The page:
Māori Firms Achieving Superior Innovation via their Cultural Capital
Professor Jarrod Haar - IIRC20
Friday, November 20, 2020
How do Māori firms achieve superior innovation? Via their cultural capital Despite the growth in attention towards the Māori economy and Māori business generally, there is scarce empirical evidence describing its attributes and activities. New Zealand has a vibrant and growing indigenous population (Māori) who have historical business acumen, but little is known about their contemporary activity in private business and associated links between Māori firms and performance.
While there are numerous strategic management theories to explain firm performance, the current study focuses on the firm resources, which are often characterised as key factors reflecting organisational/managerial assets including competencies, knowledge and skills etc. Specifically, we focus on intellectual capital (Singh & Rao, 2016), which broadly reflect the knowledge resources within a firm, which aligns with the Resource Based View of the firm. Singh and Rao (2016) state “it is maintained that a unique configuration of knowledge resources in the form of intellectual capital enhances firms’ capability to renew its resource base and empowers them to develop their dynamic capabilities to win the market” (p. 130). Here we focus on three forms of capital: Human Capital, reflecting a firm’s workforces ability to continuously acquire new job-related knowledge, Relational Capital, reflecting a firm’s workforces ability toward mutual collaboration and problem solving, and Cultural Capital, which we define as reflecting a firm’s workforce knowledge and skills towards working with and respecting Māori cultural values.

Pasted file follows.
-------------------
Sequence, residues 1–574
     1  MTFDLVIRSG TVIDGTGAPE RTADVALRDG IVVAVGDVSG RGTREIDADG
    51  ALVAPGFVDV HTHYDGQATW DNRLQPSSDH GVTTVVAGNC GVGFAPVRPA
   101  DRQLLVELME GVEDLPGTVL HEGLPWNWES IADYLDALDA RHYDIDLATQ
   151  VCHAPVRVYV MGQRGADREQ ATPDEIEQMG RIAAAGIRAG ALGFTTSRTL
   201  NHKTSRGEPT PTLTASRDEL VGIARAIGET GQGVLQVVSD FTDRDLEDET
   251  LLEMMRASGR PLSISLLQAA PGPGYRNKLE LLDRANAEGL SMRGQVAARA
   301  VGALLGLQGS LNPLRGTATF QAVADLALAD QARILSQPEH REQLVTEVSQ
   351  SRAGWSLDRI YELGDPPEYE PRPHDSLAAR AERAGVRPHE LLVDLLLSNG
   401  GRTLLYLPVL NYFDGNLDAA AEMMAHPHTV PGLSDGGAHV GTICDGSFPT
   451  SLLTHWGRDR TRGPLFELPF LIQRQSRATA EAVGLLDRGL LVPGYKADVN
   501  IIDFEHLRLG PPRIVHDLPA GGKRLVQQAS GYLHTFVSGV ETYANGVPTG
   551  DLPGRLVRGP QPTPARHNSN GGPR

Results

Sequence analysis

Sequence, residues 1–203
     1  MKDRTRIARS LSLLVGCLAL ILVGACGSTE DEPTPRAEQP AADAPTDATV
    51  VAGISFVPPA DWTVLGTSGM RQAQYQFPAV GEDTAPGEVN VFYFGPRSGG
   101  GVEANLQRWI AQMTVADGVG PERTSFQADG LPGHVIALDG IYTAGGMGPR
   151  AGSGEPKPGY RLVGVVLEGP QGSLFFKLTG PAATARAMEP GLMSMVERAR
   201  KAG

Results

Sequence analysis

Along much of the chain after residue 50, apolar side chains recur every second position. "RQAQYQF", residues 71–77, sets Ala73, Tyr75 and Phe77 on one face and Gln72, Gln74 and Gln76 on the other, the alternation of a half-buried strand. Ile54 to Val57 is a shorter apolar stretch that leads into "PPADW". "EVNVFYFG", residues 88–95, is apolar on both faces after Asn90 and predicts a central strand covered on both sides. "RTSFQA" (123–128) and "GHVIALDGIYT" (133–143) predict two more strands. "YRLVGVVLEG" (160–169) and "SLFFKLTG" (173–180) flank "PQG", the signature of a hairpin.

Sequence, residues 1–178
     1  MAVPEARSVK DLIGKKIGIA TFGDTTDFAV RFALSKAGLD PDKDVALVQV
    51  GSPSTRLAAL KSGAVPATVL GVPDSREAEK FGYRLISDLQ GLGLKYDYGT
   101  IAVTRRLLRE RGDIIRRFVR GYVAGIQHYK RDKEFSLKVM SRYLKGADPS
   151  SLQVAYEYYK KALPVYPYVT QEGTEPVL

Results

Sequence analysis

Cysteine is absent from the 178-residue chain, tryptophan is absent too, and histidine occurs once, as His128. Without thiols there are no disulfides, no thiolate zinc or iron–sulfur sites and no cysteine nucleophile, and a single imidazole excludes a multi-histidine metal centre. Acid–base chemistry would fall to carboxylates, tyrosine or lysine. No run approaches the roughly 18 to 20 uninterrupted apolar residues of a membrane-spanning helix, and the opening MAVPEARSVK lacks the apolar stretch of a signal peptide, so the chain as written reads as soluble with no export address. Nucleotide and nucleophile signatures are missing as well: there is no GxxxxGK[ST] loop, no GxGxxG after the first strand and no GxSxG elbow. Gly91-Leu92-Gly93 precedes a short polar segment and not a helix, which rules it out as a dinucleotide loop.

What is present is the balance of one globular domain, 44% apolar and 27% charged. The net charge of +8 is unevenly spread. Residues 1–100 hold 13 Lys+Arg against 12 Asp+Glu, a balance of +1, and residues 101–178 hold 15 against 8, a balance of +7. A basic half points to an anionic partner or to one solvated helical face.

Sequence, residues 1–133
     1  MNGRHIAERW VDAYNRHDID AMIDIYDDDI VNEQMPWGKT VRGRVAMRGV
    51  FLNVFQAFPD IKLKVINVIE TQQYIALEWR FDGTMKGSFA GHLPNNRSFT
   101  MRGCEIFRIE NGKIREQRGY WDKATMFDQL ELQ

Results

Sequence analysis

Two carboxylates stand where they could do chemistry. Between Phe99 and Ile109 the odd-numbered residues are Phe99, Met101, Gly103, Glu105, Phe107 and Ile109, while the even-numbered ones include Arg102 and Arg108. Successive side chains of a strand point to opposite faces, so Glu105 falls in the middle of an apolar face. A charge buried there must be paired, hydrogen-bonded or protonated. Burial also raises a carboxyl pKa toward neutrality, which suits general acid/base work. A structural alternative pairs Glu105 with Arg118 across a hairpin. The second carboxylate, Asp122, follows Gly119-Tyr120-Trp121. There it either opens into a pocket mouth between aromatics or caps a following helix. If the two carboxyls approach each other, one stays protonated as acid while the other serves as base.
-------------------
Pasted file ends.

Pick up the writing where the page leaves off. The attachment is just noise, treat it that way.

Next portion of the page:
The constructs had Confirmatory factor Analysis done in AMOS (structural equation modelling), and analysis completed in SPSS using the PROCESS (V. 3.4) macron, controlling for firm size. Overall, a number of direct effects, mediation effects and moderation effects were found including moderated mediation. In summary, human capital and cultural capital both shape relational capital, with the highest relational capital being achieved by Māori firms when they have high human and cultural capital. The final moderated mediation
effects show that while human capital is significant as is relational capital, for Māori firms with stronger cultural capital, this indirect effect strengthens as cultural capital gets stronger. Hence, the key for product innovation success for Māori firms is to hire the right people, develop their collaboration, and the firms cultural focus, as this is crucial to leveraging these components to overall success.